Stressed Teens & MBSR-T

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Stressed Teens is a business that began in 2004 and disseminates the Mindfulness-Based Stress Reduction for Teens Program (MBSR-T) (Biegel, 2009a, 2009b, 2014, 2017) in varying forms. Stressed Teens teaches mindfulness skills and provides tools for those in their pre-teen years through latter adolescence and even for young adults. Stressed Teens takes a mind-body approach and focuses on the whole person. Teens often have difficulty with their social skills, emotions, confidence, procrastination, impulsivity, and attention. Stressed Teens can improve a teen’s functioning and quality of living socially, physically, and psychologically.

MBSR-T is an adaptation of the Mindfulness-Based Stress Reduction (MBSR) program for adults (Kabat-Zinn, 1982, 1990, 2013). The MBSR-T intervention is closely related to the traditional MBSR program created by Kabat-Zinn and colleagues. The MBSR-T program is meant to be a program to use with adolescents and young adults versus the traditional MBSR program for adults. Like MBSR, MBSR-T is based on secular adaptations of mindfulness practices with roots in Eastern meditation traditions. MBSR-T is also strongly influenced by mindfulness-based cognitive therapy (Segal, Williams, & Teasdale, 2002, 2013).

MBSR-T and Positive Neuroplasticity

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One can become more mindful--aware of their senses, thoughts, and feelings. Once you are mindful you can choose where you want to direct your attention. Teens can focus on that one dislike, or negative comment someone said about them, or they can direct their attention to the myriad of positive statements and moments. MBSR-T teaches fundamental and foundational mindfulness skills and then encourages teens to direct their attention to the positive, to self-care, to direct their attention on that which nourishes and fills them up rather than on that which drains and depletes them. The focus in on 'Taking in the Good' attending to positive coping skills and decreasing energy and brain time on negative coping skills.

Download a Chapter from the new book Be Mindful & Stress Less: 50 Ways to Deal with Your Crazy Life to learn ways to help teens and young adults be on their own side.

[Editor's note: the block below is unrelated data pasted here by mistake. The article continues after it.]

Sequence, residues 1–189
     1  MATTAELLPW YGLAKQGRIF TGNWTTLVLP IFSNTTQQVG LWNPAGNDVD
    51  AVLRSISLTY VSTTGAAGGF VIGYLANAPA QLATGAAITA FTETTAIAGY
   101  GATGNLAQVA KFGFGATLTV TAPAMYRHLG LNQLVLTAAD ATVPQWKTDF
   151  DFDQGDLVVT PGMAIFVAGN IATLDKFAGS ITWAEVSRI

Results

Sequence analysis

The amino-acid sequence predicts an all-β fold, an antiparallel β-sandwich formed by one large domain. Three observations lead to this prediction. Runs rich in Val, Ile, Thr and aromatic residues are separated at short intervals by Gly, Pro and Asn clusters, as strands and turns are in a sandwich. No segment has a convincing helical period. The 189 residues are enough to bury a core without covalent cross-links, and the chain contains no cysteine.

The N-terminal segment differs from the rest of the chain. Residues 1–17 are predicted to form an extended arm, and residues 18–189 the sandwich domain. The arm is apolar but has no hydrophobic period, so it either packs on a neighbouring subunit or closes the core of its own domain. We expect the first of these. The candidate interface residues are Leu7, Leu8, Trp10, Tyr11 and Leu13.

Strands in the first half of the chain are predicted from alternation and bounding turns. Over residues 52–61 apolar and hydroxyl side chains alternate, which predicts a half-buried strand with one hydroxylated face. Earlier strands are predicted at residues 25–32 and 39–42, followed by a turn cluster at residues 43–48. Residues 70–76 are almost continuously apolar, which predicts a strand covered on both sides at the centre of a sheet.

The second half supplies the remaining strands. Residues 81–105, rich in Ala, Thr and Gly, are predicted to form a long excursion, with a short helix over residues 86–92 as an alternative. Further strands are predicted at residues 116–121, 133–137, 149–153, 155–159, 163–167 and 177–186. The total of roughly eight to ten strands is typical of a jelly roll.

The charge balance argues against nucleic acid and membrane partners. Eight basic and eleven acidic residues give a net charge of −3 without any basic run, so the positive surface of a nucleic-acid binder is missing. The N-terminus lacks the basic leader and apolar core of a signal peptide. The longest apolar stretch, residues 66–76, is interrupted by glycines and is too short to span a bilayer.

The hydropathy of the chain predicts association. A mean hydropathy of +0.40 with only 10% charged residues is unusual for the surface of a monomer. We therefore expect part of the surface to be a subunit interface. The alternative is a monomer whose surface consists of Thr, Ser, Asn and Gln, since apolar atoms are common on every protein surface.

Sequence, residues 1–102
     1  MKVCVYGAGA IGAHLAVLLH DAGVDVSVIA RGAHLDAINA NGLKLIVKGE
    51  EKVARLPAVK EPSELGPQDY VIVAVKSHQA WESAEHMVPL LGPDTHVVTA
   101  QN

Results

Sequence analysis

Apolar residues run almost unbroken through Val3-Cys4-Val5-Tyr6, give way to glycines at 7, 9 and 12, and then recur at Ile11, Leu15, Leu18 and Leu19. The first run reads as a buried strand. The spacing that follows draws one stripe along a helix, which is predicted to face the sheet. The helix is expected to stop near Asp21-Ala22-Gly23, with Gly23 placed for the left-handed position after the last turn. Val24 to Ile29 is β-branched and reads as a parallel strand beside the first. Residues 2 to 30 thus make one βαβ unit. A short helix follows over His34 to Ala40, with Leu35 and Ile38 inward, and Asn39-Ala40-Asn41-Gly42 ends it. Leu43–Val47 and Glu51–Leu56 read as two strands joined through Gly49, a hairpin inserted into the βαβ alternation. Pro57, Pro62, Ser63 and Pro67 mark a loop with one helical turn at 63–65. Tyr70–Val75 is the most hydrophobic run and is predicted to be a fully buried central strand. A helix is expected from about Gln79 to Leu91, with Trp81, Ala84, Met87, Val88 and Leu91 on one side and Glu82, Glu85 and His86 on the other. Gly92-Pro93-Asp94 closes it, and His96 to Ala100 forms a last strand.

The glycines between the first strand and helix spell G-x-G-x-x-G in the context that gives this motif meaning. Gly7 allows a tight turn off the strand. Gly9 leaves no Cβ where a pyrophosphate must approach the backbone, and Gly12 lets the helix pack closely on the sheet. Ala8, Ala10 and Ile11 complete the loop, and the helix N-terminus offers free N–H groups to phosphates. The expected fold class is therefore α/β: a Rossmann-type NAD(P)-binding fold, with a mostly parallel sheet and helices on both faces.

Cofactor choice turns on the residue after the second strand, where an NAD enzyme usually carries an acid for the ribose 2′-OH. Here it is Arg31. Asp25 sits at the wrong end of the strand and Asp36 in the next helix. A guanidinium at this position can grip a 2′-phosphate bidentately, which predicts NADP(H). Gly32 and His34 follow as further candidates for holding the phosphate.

Learn more about Spacious and Directed Awareness Download Here

To download a list of ways teens can 'Take in the Good' Click Here

Possible Benefits of Learning MBSR-T

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MBSR-T does not claim to be a panacea. It is also not a magic bullet for all teens, in all settings, in all conditions. At times, other therapeutic approaches or medication management may be clinically indicated and more appropriate. When teaching MBSR-T clinically, educationally, individually, or in group settings, it is imperative that you follow the applicable laws and the ethics of your profession, as well as the reporting responsibilities you must uphold.

With those caveats in mind, the possible benefits of learning MBSR-T are many:

·      Improved emotion regulation and metacognition

·      Realistic shifts in perceptions and appraisals of stress

·      Decreases in stress and suffering

·      Improved overall mental and physical health and well-being

·      Increased sense of agency, control, coherence, and power

·      Insight into the sources of strength that come from within

·      Decreases in negative coping skills and increases in positive coping skills


Listen to a free Drop-In Practice: Beginning Mindfulness Practice

 

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The drop-in practice guides you to connect to your body, breath, and mind--both thoughts and feelings. It is as easy as 1-2-3. 1. Body 2. Breath 3. Mind


MBSR-T has strong foundations in developmental theory and considers the cognitive and attentional abilities of youth, as well as the cultural life of today’s teenagers, for whom changes occur rapidly in how they form relationships and allocate their attention. MBSR-T seeks to meet teens where they are developmentally and use language, references, and stories that are relevant to them. MBSR-T maintains the integrity of its foundations in psychology and mindfulness, while creating interventions pertinent to today’s 21st-century teen.

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Mindfulness involves paying attention, on purpose, in the present moment and can be cultivated through both formal and informal mindfulness practices. The formal practices taught are similar to those in adult MBSR, but their duration is shortened to accommodate the attention span of adolescents. Emphasis is also given to mindful qualities of living, informal practice, and developing an awareness of one’s thoughts.  It appears, through experience in MBSR-T, that teens often benefit from activities that focus on noticing and awareness of self-other judgments, worries, things out of one’s control, and pain and suffering.  Many mental health difficulties arise from these aforementioned thoughts.

MBSR-T has been used and researched in a number of settings: in- and after-school, outpatient therapeutic settings, autistic spectrum disorder clinics, positive youth development programs, and pediatric hospitals (this is not an exhaustive list). It is appropriate for individual, family, and group settings (clinical or educational), and distribution of this curriculum continues to broaden. It can be used as a stand-alone program or as an adjunct to other forms of treatment and modalities. MBSR-T is not meant to replace a successful medication regimen or ongoing psychological treatment, although the skills learned may reduce the need for other treatments. The intention for MBSR-T is for teens to learn skills and tools that will help them function more adaptively and improve their quality of life.